Who was A. Reynolds Morse? He was an American, born in 1914, who died in 2000. An industrialist and philanthropist, he is best known for his activity in collecting works by Salvador Dali, and founding the Salvador Dali Museum, which took a permanent home in St. Petersburg, Florida. Reynolds also wrote several books about Dali. But he had pursued other interests, one of which was the publishing of ‘Injection Molding News’, and another (as light relief, perhaps) the libertarian quest to make available to the public items that US publishers were too nervous to print, such as the ‘scandalous’ verses that appear in these two volumes. Unless of course the use of his name is a hoax perpetrated by yet another party…. But some facts would seem to provide evidence that this was his secret pastime. Morse moved to Cleveland from Denver in 1941, and, after his marriage in 1943, started his hobby of collecting Dalis: moreover, the Limerick book was published privately in Cleveland in 1948. According to his obituary in the New York Times, Reynolds and his wife ‘embarked on a sometimes turbulent friendship with Dali and his wife, Gala’ soon after their collecting habit began. Dali was liable to bizarre behaviour, and wrote pornographic letters to his wife, so he may well have encouraged Reynolds’s interests in this sphere.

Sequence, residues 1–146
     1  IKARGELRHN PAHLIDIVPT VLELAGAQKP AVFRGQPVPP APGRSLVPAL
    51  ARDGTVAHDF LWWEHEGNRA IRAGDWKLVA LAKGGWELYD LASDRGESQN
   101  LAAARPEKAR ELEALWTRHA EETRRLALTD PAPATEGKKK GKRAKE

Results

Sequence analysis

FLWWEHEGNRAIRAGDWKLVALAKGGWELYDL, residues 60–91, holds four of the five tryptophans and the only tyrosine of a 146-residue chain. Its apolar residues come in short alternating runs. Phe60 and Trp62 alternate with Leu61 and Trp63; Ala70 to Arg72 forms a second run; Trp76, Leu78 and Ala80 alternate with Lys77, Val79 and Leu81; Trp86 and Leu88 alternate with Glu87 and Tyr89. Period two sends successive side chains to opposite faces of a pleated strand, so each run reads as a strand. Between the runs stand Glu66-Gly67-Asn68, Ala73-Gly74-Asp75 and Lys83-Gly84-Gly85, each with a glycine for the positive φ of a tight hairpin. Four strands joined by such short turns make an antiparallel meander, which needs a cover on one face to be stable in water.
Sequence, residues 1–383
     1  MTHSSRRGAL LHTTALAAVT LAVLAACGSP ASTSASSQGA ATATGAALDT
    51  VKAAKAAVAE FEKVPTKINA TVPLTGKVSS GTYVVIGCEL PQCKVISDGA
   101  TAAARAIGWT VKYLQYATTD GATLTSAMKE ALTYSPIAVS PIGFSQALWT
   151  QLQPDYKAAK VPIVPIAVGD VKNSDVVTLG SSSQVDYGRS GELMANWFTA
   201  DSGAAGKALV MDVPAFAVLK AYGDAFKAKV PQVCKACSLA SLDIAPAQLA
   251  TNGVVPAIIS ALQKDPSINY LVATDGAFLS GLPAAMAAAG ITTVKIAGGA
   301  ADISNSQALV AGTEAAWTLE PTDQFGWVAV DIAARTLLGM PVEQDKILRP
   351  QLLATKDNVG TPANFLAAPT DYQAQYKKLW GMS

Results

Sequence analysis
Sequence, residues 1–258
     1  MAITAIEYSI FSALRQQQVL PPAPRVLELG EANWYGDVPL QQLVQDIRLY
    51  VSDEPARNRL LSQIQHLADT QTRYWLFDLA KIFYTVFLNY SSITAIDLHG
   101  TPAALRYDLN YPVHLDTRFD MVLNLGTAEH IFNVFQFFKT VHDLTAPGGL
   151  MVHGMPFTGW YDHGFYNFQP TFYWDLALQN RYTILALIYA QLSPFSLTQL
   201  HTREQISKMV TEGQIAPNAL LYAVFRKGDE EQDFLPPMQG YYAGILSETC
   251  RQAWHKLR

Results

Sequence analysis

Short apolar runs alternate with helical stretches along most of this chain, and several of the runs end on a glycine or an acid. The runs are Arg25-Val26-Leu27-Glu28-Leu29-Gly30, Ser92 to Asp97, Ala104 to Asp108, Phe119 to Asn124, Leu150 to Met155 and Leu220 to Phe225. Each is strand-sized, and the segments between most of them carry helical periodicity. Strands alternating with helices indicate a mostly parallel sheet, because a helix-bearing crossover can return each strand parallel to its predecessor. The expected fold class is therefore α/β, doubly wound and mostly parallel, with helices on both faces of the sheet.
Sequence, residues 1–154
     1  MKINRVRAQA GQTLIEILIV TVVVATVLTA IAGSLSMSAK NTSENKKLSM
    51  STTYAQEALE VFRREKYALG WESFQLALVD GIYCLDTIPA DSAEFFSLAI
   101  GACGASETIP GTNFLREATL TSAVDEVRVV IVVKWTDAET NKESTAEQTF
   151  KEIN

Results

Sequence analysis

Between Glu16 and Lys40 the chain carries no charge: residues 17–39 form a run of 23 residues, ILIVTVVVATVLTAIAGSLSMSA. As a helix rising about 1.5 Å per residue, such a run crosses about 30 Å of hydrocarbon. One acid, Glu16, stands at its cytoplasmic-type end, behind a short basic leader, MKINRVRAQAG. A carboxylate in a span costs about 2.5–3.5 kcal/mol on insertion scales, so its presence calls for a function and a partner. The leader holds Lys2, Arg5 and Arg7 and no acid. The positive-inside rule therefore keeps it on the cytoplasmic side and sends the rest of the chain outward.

‘Folk Poems and Ballads’ is subtitled: ‘A collection of rare verses and amusing folk songs compiled from scarce and suppressed books as well as from verbal [‘oral’?] sources which modern prudery, false social customs, and intolerance laws have separated from the public and historical record.’ It was printed ‘for a small number of Experts and Specialists, Scholars, Psychiatrists, Sociologists, and Anthropologists.’ In other words, designed specifically with Kingsley Amis and Robert Conquest in mind, and I half-expected to find references to it in the letters between Amis and Philip Larkin. Reynolds also introduces the volume with a quotation attributed to Remy [sic, should be Rémy] de Gourmont: ‘When morality triumphs, nasty things happen’ [‘Quand la morale triomphe, il se passe des choses très vilaines’], and spends several pages of his introduction railing against Puritanism, and proclaiming the cultural virtue of the verses that follow. His overall message reads as follows (note the Popean Capitals): “The False Morality of the Age of Heresy produced the Inquisition, and the Renaissance Resulted. The False Morality of the Age of Faith Produced the Witch Mania, and the Industrial Revolution Resulted. The False Morality of the Twentieth Century produced Sex Censorship, and this Book is therefore Dedicated to THE NEXT AGE OF MAN and to his Eventual Freedom from False Myths, Obscure Symbolism, Incredible Superstitions, and especially from the Intolerable Burden of False Social Customs now Sponsored by THE LAW”. H. L. Mencken would have loved him, although the Sage of Baltimore would have despaired at his Millenarianism.